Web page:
Postpartum Visits: How Helpful is TOO Helpful?
Dear Amy –
I am 4 months pregnant and living abroad with my husband and 18 month old boy. My husband (European) and I (American) have lived in various countries since we married 7 years ago, and I have lived away from my family the entire time (with whom I am very close to). We live in the UK, and his family is 2 hours away by plane. My family are on the West Coast in the states.
When my son was born, my mom came to visit us and stayed with us for 6 weeks. My sister had just had a baby, and my mom came to us with lots of experience and was a life-saver in terms of helping us adjust to life with a newborn. She would cook, clean, walk the dog, bring me snacks while I was feeding, help swaddle/change/bathe the baby (if we asked). She would help me with confidence issues I had as a new mother, and we bonded over the experience of being moms. Of course, we also had issues/quibbles occasionally, but overall it was a good experience.
The problem was that because she was SO helpful, my husband felt a bit left out. He acted a bit passive/aggressive about it and they had a disagreement because she didn’t understand why. Eventually it was resolved, but it was clear that between me feeding the baby, and my mom doing everything else, he did not know what his role was.
My question is regarding #2. We both know that we need my mom back to help (his family is closer but are not as supportive/reliable). My husband thinks we can manage the first few weeks alone. If the birth goes like the previous (c-section but easy recovery), and we know what to expect for the first few weeks, we can prepare in advance with food, and manage by ourselves. Then, when he is back at work (he gets a nice 4 weeks off), my mom can come and help me through the days.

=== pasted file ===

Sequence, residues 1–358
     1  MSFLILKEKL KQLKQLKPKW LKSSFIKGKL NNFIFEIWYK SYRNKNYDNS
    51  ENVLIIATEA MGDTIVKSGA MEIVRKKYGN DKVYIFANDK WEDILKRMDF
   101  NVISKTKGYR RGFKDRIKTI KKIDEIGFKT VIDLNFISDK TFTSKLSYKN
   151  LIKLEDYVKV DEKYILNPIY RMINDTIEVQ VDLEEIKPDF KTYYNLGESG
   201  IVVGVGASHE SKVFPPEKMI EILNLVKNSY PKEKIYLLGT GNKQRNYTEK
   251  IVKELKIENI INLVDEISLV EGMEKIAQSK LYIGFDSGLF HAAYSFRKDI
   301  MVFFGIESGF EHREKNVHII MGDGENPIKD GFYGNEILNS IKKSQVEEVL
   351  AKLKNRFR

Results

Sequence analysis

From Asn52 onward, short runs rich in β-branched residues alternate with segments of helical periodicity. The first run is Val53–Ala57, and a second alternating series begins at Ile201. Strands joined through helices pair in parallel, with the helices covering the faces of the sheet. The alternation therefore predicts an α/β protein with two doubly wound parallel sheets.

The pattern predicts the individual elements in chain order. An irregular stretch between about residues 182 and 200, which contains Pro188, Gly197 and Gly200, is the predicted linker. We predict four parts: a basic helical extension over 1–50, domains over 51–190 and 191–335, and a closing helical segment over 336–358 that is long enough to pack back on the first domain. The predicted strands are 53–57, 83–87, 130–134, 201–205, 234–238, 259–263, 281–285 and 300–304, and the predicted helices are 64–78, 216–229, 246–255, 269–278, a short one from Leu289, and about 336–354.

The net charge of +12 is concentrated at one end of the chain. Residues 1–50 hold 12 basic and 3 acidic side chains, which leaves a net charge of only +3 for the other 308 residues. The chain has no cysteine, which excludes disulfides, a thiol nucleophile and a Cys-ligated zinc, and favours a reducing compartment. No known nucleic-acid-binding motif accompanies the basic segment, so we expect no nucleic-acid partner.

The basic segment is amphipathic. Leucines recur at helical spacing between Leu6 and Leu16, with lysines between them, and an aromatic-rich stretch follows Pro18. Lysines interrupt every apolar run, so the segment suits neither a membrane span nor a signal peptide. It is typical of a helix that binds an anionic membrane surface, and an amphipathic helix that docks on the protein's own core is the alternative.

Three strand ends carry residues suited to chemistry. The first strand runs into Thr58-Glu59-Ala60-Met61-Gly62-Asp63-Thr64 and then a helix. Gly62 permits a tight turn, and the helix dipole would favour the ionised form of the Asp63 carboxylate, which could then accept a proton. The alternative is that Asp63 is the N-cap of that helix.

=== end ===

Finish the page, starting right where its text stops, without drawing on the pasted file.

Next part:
My thoughts are that as much as he is helpful, my mom is just such a better nurturer than him (not that I would ever say this to him). There is a sense of calm and peace I get from her presence (and from her comfort food, and listening to her sing lullabies), and I want that immediately. I also recognize that this time we also have a toddler that will need attention and that could be hard for my husband and me to manage.
On the other hand, the first few weeks with our son was relatively easy, whereas after 6 weeks he stopped sleeping everywhere and was a bit more demanding. And I don’t want my husband to feel left out again – he is a great father and would do really well. I just think we should get as much support as possible.
I just have no idea what it is like to have a newborn and a toddler and how much assistance we will actually need the second time. And when exactly — right away, in a few weeks, months? We have only lived in our current city for 2 years, and although we have a few friends, no one that we could count on for continuous help.
Any thoughts from your past experiences of a newborn and juggling other children and additional support would be appreciated.
Second time mom, still clueless
Ohhh man, I haven’t even fully formed a strong opinion on this question and yet I already sense that I am going to end up Stepping In It. People get VERY feisty, I’ve found, about anything regarding family visiting after a birth.
Usually the popular vote comes down to: Whatever the mom wants, goes! It’s your labor/birth/hospital stay/postpartum period! You’re allowed to be a tyrannical dictator about who comes and when and for how long — nobody else gets a say and everybody else can suck it!
That said, I have some very real sympathy pangs for your husband here, as someone who has a SUPER HELPFUL yet VERY TAKE-OVER-Y mother-in-law who was both WONDERFUL and yet OMG IS SHE LEAVING YET after the birth of my various children. I always appreciated the help…and yet always felt guilty about how much I looked forward to everybody clearing out of my house so my husband and I could get on with the business of parenting our own babies.